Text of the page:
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Learning the French Adjectives is very important because its structure is used in every day conversation. The more you master it the more you get closer to mastering the French language. But first we need to know what the role of Adjectives is in the structure of the grammar in French.
An adjective is any of a class of words used to modify a noun or other substantive, as by describing qualities of the entity denoted, stating its limits or quantity, or distinguishing it from others. In French, adjectives agree in number and gender with the noun or pronoun that they modify. Consequently, they possess four different forms: masculine singular, feminine singular, masculine plural, feminine plural.
In general, the feminine singular is formed simply by adding an –e to the end of the basic masculine form. So, for example, petit becomes petite, abondant becomes abondante, grand becomes grande, and joli becomes jolie, vrai becomes vraie, and pointu becomes pointue.
If the adjective, in its basic masculine form, already ends in an –e, then there is no change. So, for example, aimable remains aimable, pâle remains pâle, rouge remains rouge, jaune remains jaune, pauvre remains pauvre, brave remains brave, jeune remains jeune, and malade remains malade.
If the adjective, in its basic masculine form, ends in an –on or –ien, then the feminine singular is formed by doubling the final consonant and adding an –e. So, for example, bon becomes bonne, and ancien becomes ancienne.
Likewise, if the adjective, in its basic masculine form, ends in an –el, –ul or –eil, then the feminine singular is formed by doubling the final consonant and adding an –e. So, for example, cruel becomes cruelle, nul becomes nulle, and pareil becomes pareille.
If the adjective, in its basic masculine form, ends in an –er, then the feminine singular is formed by converting the –e that precedes the –r to an –è and adding an –e to the end of the word. So, for example, cher becomes chère, dernier becomes dernière, fier become fière, and léger becomes légère.
If the adjective, in its basic masculine form, ends in an –f, then the feminine singular is formed by changing the –f to a –ve. So, for example, neuf becomes neuve, vif becomes vive, naïf becomes naïve, actif becomes active, passif becomes passive, and positif becomes positive.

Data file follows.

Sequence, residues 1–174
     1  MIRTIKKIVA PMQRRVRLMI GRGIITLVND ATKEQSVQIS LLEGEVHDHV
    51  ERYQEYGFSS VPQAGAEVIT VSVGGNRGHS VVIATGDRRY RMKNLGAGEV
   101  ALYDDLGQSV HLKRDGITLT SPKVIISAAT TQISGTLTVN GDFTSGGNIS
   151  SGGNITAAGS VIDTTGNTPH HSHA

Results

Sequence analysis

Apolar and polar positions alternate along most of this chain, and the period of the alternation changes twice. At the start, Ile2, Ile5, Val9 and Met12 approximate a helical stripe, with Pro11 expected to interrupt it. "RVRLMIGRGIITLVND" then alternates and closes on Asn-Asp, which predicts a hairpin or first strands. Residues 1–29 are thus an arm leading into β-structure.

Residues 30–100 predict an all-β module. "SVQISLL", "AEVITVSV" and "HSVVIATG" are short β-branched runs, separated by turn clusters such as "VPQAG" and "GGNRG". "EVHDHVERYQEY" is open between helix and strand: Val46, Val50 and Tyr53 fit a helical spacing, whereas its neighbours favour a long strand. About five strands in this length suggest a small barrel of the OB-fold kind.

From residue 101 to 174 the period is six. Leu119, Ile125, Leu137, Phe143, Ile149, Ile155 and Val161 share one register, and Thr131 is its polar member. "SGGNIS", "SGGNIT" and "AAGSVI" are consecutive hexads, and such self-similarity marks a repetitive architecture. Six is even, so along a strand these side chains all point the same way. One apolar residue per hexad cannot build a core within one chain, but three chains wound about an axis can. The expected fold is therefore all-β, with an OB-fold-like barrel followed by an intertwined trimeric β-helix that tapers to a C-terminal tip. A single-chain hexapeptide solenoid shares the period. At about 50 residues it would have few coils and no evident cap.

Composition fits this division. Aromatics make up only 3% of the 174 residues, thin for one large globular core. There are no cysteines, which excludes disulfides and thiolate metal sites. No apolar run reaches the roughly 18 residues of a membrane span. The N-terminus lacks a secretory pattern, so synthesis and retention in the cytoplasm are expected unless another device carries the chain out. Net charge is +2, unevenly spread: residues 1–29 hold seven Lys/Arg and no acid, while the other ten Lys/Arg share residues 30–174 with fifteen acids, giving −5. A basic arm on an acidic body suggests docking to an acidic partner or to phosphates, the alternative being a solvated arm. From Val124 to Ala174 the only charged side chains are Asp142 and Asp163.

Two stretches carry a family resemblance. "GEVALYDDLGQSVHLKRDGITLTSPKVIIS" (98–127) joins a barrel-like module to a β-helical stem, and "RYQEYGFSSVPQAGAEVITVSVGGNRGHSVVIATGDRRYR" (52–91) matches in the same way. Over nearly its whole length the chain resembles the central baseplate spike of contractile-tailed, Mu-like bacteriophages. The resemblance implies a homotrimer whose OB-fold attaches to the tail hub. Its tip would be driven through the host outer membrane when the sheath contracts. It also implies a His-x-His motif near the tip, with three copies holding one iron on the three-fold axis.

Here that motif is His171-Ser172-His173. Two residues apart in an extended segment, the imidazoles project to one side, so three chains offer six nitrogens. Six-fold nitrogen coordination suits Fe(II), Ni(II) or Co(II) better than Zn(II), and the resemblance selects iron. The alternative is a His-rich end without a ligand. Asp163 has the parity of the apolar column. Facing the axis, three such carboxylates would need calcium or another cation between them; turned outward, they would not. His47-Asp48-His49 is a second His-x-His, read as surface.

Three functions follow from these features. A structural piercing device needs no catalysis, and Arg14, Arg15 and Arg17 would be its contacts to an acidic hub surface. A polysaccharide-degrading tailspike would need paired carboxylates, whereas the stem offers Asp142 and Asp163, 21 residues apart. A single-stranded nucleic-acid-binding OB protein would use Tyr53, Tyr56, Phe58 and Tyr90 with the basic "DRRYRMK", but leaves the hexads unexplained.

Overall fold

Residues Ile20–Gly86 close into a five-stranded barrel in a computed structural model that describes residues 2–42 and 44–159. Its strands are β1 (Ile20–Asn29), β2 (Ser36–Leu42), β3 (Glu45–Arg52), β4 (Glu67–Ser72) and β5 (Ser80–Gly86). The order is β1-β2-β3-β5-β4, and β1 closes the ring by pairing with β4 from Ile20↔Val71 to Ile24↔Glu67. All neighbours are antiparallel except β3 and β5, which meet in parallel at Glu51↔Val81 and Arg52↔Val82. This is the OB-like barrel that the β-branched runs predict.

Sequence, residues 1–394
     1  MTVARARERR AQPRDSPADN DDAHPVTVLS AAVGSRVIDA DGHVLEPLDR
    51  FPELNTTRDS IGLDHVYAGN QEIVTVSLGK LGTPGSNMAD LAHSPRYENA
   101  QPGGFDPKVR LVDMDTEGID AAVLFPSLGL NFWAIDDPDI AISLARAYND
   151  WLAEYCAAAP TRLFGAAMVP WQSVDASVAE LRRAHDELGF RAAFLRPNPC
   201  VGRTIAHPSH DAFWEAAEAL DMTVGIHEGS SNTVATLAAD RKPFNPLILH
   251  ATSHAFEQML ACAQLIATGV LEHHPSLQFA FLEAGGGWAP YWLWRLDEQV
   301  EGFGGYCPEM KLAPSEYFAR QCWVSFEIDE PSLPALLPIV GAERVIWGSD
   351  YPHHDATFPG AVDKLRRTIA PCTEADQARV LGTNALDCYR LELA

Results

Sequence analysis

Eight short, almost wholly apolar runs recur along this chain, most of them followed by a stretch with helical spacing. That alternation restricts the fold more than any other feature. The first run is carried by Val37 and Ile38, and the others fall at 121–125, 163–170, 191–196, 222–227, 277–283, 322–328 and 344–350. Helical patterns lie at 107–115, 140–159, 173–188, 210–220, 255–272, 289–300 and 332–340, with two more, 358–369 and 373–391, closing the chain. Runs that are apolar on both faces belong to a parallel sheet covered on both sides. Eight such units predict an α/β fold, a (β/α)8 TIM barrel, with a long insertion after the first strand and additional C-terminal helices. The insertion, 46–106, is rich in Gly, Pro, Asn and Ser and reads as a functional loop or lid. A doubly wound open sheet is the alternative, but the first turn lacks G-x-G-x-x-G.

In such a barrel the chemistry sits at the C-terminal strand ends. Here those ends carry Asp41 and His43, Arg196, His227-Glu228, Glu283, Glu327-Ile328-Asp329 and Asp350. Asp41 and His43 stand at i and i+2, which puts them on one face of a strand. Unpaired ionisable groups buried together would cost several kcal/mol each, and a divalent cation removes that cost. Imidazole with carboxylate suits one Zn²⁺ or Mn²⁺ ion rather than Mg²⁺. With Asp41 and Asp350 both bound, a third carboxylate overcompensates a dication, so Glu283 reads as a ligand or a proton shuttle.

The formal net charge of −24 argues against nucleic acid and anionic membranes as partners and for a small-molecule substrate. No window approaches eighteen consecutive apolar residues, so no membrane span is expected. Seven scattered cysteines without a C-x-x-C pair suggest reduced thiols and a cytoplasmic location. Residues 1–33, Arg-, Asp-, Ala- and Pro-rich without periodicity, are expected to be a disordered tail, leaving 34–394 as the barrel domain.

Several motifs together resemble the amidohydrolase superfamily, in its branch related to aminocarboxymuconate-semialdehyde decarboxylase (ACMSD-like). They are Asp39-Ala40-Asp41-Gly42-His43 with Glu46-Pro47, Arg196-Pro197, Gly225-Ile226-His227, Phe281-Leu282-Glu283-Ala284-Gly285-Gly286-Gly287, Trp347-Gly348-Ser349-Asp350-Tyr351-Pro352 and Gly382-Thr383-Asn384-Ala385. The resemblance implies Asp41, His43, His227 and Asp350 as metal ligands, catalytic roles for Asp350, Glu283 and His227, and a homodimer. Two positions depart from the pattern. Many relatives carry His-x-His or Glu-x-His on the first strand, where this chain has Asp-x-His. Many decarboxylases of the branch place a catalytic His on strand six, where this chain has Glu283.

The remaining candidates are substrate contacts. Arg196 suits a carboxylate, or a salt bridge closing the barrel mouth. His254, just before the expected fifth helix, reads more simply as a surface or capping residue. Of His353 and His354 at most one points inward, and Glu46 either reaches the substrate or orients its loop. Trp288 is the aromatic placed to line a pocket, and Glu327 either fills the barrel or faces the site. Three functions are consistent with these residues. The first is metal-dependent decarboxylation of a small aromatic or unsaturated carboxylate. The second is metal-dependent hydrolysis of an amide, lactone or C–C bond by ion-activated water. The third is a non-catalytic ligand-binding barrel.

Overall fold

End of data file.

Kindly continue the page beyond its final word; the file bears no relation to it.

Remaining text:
However, there are exceptions. For example, bref becomes brève.
If the adjective, in its basic masculine form, ends in an –et, then the feminine singular is formed by doubling the final consonant and adding an –e. So, for example, coquet becomes coquette, muet becomes muette, and net becomes nette.
However, this is not always the case. Certain adjectives in this category follow a different declension, in which the –et is changed to an –ète. Examples include: complet→ complète; incomplet→ incomplète; concret→ concrète; désuet→ désuète; discret→ discrète; inquiet→ inquiète; secret→secrète.
If the adjective, in its basic masculine form, ends in an –ot, then the feminine singular is formed by adding an –e. So, for example, idiot becomes idiote.
Here again, there are exceptions: pâlot→ pâlotte; sot→ sotte; vieillot→ vieillotte.
If the adjective, in its basic masculine form, ends in an –x, then the feminine singular is formed by changing the –x to an –se. So, for example, nerveux becomes nerveuse, heureux becomes heureuse, sérieux becomes sérieuse, and jaloux becomes jalouse. However, there are exceptions: doux→ douce; faux→ fausse; roux→ rousse;
If the adjective, in its basic masculine form, ends in an –s, then the feminine singular is formed by adding an –e. So, for example, gris becomes grise.
Needless to say, there are exceptions: bas→ basse; gras→ grasse; épais→ épaisse; frais→ fraîche.
If the adjective, in its basic masculine form, ends in a –c, then the feminine singular is formed by changing the –c to a –che. So, for example, franc becomes franche, and blanc becomes blanche.
Exceptions exist: sec→ sèche; public→ publique; turc→ turque; grec→ grecque; chic→ chic.
Here are some more examples:
|English Adjectives||French Adjectives|
|a green tree||un arbre vert|
|a tall building||un grand bâtiment|
|a very old man||un très vieil homme|
|the old red house||la vieille maison rouge|
|a very nice friend||un ami très gentil|
Notice the structure of the Adjectives in French has a logical pattern. Locate the Adjectives above and see how it works with the rest of the sentence in French.
Below is a list of the Adjectives, Colors, Shapes, Sizes in French placed in a table. Memorizing this table will help you add very useful and important words to your French vocabulary.
|English Adjectives||French Adjectives|
Position of Adjectives
In general, adjectives follow the noun or nouns that they serve to modify.
There are, however, exceptions: beau, bon, court, gentil, grand, gros, haut, jeune, joli, long, mauvais, méchant, meilleur, moindre, petit, pire, vieux, and vilain.
Some adjectives possess a different meaning depending on their position. Here is a brief list of examples:
Adjectives, Colors, Shapes, Sizes have a very important role in French. Once you're done with French Adjectives, you might want to check the rest of our French lessons here: Learn French. Don't forget to bookmark this page.
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